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MS showing this sequence, which I shall call the Corpus-Mm archetype, was antecedent to the (b) and (d) groups above listed, groups which unite in their connection Man of Law-Squire and their spurious bonds Canon's Yeoman-Doctor and Pardoner-Shipman, but which differ in that the (b) group has no bond MerchantSquire or Squire-Franklin, has but a partial connection ClerkMerchant (the Merch. headlink being absent), and shows a short form of the Merchant's Tale. The (d) class, on the other hand, has obtained the connectives Merchant-Squire and Squire-Franklin, taking with them the liberties above described; there is a slight difference among the four MSS of this class in that Petworth and Mm, though copying the garbled Merchant-Franklin link to precede the Franklin, do not move that Tale up to follow the Merchant as do Hatton and Ii. . Groups (a) and (c) bear a superficial resemblance in Taleorder, but the (c) group is much debased in its Links. It has the spurious connectives GC and CB’, like groups (b) and (d); it has also a connective between the Clerk and the Franklin, which may take several forms, the Verba Hospitis and the altered Squire headlink, as in Laud 739; the Verba, seven lines of comment, and the headlink, as in Harley 1758, Barlow, Royal 18; or the comment and headlink without the Verba, as in Lichfield and Sloane 1685. In none of these does the Clerk end ready for the Merchant; in Barlow, Laud, and Royal a spurious connective E*D has been introduced. See Ch. Soc. Specimens pp. 51-56. - . Group (a) has no connection E°F or FF", but it links Clerk and Merchant, though displacing the latter to stand between Squire and D. This displacement is particularly noticeable, because occuring also in the (c) class of manuscripts, where, on the explanation I have above advanced, it must have been made before the SquireFranklin link was appended to the misplaced Squire. That is, there are two classes of MSS forcing the Merchant up before D; in (c) it may seem accidental, but in (b) it happens in spite of the full connective Clerk-Merchant. Shall we believe that one MS could influence another as regards Tale-order alone? The conditions in Royal 17 are here interesting. This MS has the Summoner introduced by the Man of Law’s endlink, like Harley 7334; but the Squire follows instead, as in the MSS just analyzed. And the Squire's Tale has been brought up accompanied by its own eight-line prologue and by the Merchant’s endlink. A procedure so contrary to sense can have been followed only by an unthinking scribe, who blindly obeyed the numbering of booklets as dictated to him by a MS other than that which he used for his B" text; unless, indeed, his archetype was a composite in different hands from different sources. The fact that the Nun's Priest's epilogue, a characteristic of but five other MSS, all of late type, is also found in this codex, indicates that at least three classes of texts con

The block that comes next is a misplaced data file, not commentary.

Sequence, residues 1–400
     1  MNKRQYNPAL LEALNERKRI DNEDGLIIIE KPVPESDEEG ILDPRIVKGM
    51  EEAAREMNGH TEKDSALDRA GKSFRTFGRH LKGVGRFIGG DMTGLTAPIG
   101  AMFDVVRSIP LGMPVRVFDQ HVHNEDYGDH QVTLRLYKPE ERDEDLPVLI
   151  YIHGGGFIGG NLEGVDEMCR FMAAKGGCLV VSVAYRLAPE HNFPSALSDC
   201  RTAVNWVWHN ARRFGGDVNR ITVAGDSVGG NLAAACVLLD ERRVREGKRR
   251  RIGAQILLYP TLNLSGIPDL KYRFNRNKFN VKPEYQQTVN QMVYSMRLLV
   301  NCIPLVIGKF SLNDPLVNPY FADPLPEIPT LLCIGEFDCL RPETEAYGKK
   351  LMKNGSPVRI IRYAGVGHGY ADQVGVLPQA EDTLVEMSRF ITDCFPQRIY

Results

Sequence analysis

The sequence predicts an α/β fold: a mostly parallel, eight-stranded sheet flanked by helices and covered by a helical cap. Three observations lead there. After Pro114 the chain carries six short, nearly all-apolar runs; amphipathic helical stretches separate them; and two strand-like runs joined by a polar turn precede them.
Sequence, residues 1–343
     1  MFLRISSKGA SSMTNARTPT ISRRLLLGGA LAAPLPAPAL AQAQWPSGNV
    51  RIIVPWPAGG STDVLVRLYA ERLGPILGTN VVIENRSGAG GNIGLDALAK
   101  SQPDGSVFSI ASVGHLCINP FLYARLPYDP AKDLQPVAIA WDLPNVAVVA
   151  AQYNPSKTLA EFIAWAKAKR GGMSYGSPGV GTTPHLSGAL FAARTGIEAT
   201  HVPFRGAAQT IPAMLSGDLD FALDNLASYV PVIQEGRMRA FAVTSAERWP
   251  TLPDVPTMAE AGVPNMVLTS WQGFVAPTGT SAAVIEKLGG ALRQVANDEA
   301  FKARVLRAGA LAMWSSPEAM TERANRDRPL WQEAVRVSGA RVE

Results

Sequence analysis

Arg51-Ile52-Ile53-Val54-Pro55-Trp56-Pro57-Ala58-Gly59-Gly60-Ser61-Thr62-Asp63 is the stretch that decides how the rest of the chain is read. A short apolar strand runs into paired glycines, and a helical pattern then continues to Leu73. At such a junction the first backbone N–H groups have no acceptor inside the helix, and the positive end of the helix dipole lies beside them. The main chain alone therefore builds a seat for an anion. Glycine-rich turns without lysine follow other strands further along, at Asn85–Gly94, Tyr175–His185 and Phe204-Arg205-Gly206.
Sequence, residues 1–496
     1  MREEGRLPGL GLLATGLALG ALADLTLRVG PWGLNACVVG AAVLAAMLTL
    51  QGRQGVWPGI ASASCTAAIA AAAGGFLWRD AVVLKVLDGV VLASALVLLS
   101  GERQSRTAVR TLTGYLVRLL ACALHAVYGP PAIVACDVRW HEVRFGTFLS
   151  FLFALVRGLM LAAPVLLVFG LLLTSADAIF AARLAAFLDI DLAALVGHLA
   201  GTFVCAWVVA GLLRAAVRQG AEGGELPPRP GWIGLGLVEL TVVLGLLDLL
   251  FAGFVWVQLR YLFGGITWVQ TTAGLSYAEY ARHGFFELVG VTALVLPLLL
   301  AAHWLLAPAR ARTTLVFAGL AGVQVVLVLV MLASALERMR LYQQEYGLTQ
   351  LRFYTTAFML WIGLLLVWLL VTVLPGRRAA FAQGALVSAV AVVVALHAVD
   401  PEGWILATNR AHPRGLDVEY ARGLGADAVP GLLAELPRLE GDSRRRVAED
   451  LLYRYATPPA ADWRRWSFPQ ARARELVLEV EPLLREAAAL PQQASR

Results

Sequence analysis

tributed to the formation of this; and when we observe that the hand of all of the MS after the Clerk’s Tale is that of the MSS Harley 225I and Adds. 34360, whose origin in a scriptorium and liability to contamination I have discussed (in Anglia 28), our suppositions are confirmed. The de Worde print of 1498 shows superficially the same order as Harley 7334; and a student glancing at the volume and seeing no endlink following Man of Law might be tempted to ally the volume with the Ellesmere or the 7334 class. However, the Man of Law's endlink, with some verbal alterations, appears after the Merchant’s Tale, and introduces the Squire, serving in lieu of the regular link Merchant-Squire, which is present neither here nor in the Caxtons. That is, the order E. E. F. Fo has been re-imposed upon an arrangement of Tales in which the displacement of Fo had previously happened. The Monk’s endlink is in the short form, as in Caxton I; the Words of the Franklin are present, and also the Nun’s Priest’s epilogue, as in Caxton II. From such facts and from the division and redivision in MSalliances it is demonstrable that MSS could be influenced by other types of MSS during transcription, a fact which Moore has pointed out as true of the Divina Commedia codices to a most complicating extent. It might accordingly happen that a manuscript of fairly sound textual origin, so far as Tales went, added to itself spurious or distorted Links, an addition which could be made without any effect upon the Tales; and such a manuscript might then hand on to its descendants a mixture of excellence and impurity. The presence of spurious connectives in a codex is thus not per se an argument against the text of its Tales. Compare a minor point like the reading of Knight’s Tale II54, where R 3, 3 and Harley 7333, volumes free from spurious matter, have: . Armed Complyaunt Oopes & fiers Courrage Harley Armed compleint with othes and fers corage Trinity while Sloane 1685 and Royal I8, MSS charged with illegitimate additions to their Links, read: Armed compleynt outhees and fires corage. Therefore, as Moore has remarked for Dante, only an exhaustive comparison of the entire work can show us in which MSS a sound text remains untouched, in which it has been slightly obscured by spurious Links and verbal errors here and there, in which it presents a compound of early uncorrected work and continuation on a later plan, and in which it has been debased textually and distorted in connections so as to place it out of court in a genealogical study. The state of the Links and the arrangement of the Tales can at present give us no conclusive and detailed evidence towards a genealogy of the manuscripts, although it may suggest a tentative grouping and a line of investigation. This tentative grouping is, for the body of MSS above discussed: